I have a “secret” to share with you. It has been the main reason I have attended writers’ conferences for the past two decades. Everyone wants to see their story written. That is why we call ourselves writers. But it’s a rocky road from our first rough draft to a best-seller. How many tears streaked those rejection letters you received over the years? Getting our first or second novel published is a gamble. The publishers knows what the readers want through the Nielson Bookscan which provides the publisher the sales data in an instant. The editors know what kind of books they want before they meet us at a conference. Juliet Annan, editor at Fig Tree, a Penguin Imprint states “The world of booksellers is such that you have to make an impact from word go.”
However, you and I made that personal commitment to become a successful writer, which is the first point of the secret. We motivated ourselves to make the decision to do whatever it takes to become a successful writer. Then some of you got lazy before you even completed your final manuscript. A few of you wanted to impress your friends and said “No problem. I will find a literary agent to market my prize novel at the next writer’s conference.” Maybe you really believed the guest editor would have a contract ready for you to sign. But you and I weren't going to act like that. We were realistic and stuck to our plan of action to write the best novel.
Agents and editors specialize. You knew that. Therefore, it is very important to pitch your completed novel to an agent or editor who is actually seeking the genre/theme we want published. A pitch at a conference to an uninterested agent/editor is worse than your unsolicited query letter being thrown into the slush pile. Use your time to research the agent’s or editor’s background by using on-line tools like WritersMarket.com, an Agent’s Guide, and others you can Google. Then read the agent’s or editor’s bio and submission guidelines from their agency’s web site as well as their blog before you get to the conference.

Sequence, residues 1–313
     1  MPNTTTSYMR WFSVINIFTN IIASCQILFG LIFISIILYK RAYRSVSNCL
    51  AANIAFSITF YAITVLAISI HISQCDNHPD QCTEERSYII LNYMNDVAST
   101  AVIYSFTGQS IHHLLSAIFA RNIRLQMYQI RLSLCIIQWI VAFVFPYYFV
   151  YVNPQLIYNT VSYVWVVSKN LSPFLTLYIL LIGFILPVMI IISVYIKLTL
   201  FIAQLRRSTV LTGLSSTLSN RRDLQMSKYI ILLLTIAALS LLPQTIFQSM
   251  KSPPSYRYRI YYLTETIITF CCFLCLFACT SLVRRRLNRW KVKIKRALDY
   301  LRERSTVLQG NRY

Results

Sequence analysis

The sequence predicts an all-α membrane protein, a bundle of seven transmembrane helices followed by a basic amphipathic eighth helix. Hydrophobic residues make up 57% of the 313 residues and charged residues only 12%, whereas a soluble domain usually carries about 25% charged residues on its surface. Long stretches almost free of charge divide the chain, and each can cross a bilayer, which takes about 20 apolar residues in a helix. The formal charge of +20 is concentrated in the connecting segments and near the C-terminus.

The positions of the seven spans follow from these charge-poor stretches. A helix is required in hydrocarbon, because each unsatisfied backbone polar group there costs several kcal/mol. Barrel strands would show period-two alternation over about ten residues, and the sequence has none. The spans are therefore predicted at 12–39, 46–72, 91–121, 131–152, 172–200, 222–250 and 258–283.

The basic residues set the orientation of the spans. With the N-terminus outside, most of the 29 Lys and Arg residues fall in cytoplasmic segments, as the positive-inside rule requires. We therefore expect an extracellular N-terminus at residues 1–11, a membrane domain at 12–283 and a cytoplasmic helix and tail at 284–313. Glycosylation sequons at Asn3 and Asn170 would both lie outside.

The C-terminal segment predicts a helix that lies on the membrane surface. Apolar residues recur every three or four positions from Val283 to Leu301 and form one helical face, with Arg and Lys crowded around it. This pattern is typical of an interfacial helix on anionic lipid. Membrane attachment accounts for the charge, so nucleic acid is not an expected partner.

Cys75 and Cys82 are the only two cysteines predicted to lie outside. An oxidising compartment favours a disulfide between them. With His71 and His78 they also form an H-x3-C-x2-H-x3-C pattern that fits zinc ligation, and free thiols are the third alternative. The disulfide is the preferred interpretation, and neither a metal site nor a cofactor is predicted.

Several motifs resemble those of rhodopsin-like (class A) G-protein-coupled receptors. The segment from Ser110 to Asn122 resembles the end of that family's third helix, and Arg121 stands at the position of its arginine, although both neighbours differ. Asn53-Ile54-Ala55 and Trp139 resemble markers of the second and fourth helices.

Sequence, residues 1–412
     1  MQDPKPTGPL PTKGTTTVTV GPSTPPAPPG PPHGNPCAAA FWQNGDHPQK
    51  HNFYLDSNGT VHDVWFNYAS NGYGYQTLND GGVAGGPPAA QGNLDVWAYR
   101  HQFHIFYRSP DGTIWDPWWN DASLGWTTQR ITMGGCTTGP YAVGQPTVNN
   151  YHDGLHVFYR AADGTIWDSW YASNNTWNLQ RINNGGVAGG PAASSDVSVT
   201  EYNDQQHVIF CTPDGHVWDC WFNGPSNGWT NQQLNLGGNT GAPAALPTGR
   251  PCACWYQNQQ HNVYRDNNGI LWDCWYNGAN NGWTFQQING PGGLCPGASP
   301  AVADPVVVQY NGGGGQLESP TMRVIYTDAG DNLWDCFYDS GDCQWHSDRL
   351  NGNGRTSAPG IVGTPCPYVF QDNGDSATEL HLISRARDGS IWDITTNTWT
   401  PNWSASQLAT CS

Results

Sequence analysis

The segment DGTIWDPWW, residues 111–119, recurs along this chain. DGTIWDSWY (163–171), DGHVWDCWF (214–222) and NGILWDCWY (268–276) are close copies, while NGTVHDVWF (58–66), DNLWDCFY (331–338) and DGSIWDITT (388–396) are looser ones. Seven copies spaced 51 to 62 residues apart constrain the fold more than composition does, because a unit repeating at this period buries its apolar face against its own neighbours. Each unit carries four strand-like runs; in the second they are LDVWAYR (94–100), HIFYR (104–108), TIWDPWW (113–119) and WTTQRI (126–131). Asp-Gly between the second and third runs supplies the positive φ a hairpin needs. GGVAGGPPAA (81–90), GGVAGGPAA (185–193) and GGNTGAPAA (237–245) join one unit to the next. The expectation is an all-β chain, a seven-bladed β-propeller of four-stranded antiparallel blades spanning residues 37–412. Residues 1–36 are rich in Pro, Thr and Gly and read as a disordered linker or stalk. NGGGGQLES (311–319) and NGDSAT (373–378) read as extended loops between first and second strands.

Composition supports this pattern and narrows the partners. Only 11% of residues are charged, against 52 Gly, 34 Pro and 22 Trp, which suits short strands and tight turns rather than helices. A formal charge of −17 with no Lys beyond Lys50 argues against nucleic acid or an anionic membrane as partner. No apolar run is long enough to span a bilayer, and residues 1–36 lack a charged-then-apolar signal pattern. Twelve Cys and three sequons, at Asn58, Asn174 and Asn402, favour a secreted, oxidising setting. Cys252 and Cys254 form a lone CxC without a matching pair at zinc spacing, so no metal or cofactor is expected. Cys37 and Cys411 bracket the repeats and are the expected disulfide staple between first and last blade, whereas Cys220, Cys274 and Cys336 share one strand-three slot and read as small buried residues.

Attending writer’s conferences is more than connecting with the right literary agent or editor. Do your homework. If the agent or editor at a conference isn’t interested in your genre and/or story, don’t waste their time by pitching your book to them. But I did not say, don’t talk with them. All it takes is two minutes in casual conversation to hook them into wanting to hear more about your fascinating novel. And do not show them any paper manuscript. If they are interested in your novel, they will instruct you how to send it to them when you get home from the conference.
Another secret. We’ve already done our on-line research and discovered the names of many other agents/editors in their company with a closer match to what we want to pitch. So talk casually to the agents/editors at the conference. Tell them the specific names of others you found in their company and ask who is the best match to query. Listen to what they say. These casual discussions will provide information, to which you can refer in your query letter, that so and so agent/editor at the specific writer’s conference suggested you send your query to them. Information is power and that’s the secret to getting your manuscript in their door and definitely read.
Furthermore, we attend the writer’s conference with published authors. Don’t be afraid to ask them about their experiences and recommendations with agents and editors. Listen to what they say. Fellow authors give us positive reinforcement That is another secret.
The networking at these writer’s conferences enables us to identify the process for success. It is a great “writer’s support system”. Actually, it is a “positive belief system” that can motivate us to continue writing on those “writer’s block days” for the rest of the year. You made the commitment to write. You invested the time and money into learning the rules of writing and the business of writing as well as joining at least one professional writer’s organization. So retain that feeling of excitement and belief from the writer’s conferences. Be successful and happy.
After thirty years enjoying her work in federal investigations, Ellen Spain retired and entered the professional writing field with a M.A. in Writing (popular fiction), quickly getting her first novel published and then landing an editor’s position. Ellen attended many writers’ conferences including Romance Writers of America, the Society of Children’s Book Writers and Illustrators, PARSEC (scifi/fantasy), the Electronic Publishing Industry Coalition (EPIC), and Mystery Writers of America. However, she feels the smaller conferences offer more bang for the buck, especially in the networking opportunities with literary agents, small publishing houses, and published authors. Read more about Ellen and her travels at EllenSpain.com.